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March 2, 2006Connecticut Siting Council Symposium Wireless Telecommunications Facilities Siting: The Federal Framework and the FCC’s Role Jeffrey Steinberg.

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Presentation on theme: "March 2, 2006Connecticut Siting Council Symposium Wireless Telecommunications Facilities Siting: The Federal Framework and the FCC’s Role Jeffrey Steinberg."— Presentation transcript:

1 March 2, 2006Connecticut Siting Council Symposium Wireless Telecommunications Facilities Siting: The Federal Framework and the FCC’s Role Jeffrey Steinberg Deputy Chief, Spectrum and Competition Policy Division Federal Communications Commission Washington, DC (202) * The statements and opinions expressed in this presentation are my own, and do not necessarily reflect the views of the FCC, any individual Commissioner, or the Wireless Telecommunications Bureau.

2 March 2, 2006Connecticut Siting Council Symposium 2 Division of Federal and State Authority Exclusive FCC authority over use of spectrum and operation of facilities –Radiofrequency (RF) interference Freeman v. Burlington Broadcasters, 204 F.3d 311 (2d Cir. 2000) –Exposure to RF emissions State or local authority over placement of physical facilities –Preserved and limited by Section 332(c)(7) of the Communications Act –Limited FCC role: Aircraft navigation safety and federal environmental review

3 March 2, 2006Connecticut Siting Council Symposium 3 Aircraft Navigation Safety Builder then registers tower with FCC before construction FCC enforces compliance with painting and lighting specifications Applies to towers over 200 feet high or near airport runways Tower builder must get painting and/or lighting specifications from FAA

4 March 2, 2006Connecticut Siting Council Symposium 4 Federal Environmental Review (NEPA) Must submit Environmental Assessment for FCC review if in any of 9 categories –Located in wilderness area –Located in wildlife preserve –May affect endangered species/critical habitat –May affect historic properties –May affect Indian religious sites –Located in a flood plain –Significant change in surface features –High intensity white lights in residential area –RF exposures in excess of FCC guidelines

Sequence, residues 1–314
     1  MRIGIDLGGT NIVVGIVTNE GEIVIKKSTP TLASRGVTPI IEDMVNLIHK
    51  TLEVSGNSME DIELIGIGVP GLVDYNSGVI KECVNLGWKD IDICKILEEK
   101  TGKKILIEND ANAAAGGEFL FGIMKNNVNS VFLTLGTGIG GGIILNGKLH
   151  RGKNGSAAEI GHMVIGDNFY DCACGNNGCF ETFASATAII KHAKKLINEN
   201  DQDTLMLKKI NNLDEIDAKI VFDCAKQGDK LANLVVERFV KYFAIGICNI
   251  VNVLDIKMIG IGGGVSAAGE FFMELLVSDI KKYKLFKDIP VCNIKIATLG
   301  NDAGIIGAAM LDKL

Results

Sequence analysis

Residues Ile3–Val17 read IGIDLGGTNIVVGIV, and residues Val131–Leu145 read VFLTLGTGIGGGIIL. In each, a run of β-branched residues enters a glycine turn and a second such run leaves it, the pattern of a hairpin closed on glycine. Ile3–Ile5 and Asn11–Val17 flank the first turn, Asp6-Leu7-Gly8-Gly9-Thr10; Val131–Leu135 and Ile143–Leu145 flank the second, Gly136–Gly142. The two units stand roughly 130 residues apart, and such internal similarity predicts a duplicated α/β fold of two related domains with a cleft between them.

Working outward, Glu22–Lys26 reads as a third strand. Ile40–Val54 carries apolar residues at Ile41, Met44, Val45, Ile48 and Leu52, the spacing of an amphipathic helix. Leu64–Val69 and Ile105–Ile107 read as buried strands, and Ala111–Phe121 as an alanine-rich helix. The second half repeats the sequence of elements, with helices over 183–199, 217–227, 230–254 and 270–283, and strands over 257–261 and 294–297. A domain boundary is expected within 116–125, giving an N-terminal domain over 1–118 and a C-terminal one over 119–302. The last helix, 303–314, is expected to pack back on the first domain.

5 March 2, 2006Connecticut Siting Council Symposium 5 Overview of Section 332(c)(7) State/local authority generally preserved May not unreasonably discriminate among providers of functionally equivalent services May not prohibit or effectively prohibit provision of service Must act within a reasonable time Denial must be in writing, based on substantial evidence in a written record May not regulate directly or indirectly based on the environmental effect of RF emissions, to the extent facility complies with FCC regulations Does not constrain relationship between State and local authority

6 March 2, 2006Connecticut Siting Council Symposium 6 Scope of Section 332(c)(7) Applies to personal wireless services –Commercial mobile services –Unlicensed wireless services –Common carrier wireless exchange access services Does not cover other types of services –Broadcast –Public safety systems Status of wireless Internet access and IP- enabled services unclear

7 March 2, 2006Connecticut Siting Council Symposium 7 Nondiscrimination May not unreasonably discriminate among functionally equivalent providers “Reasonable” discrimination is permitted –For example, may apply different standards to similar structures in industrial or residential zone Courts generally look for reasoned explanation of why different applications were treated differently Sprint Spectrum v. Willoth, 176 F.3d 630 (2d Cir. 1999) – No unreasonable discrimination where proposals had different aesthetic impacts due to locations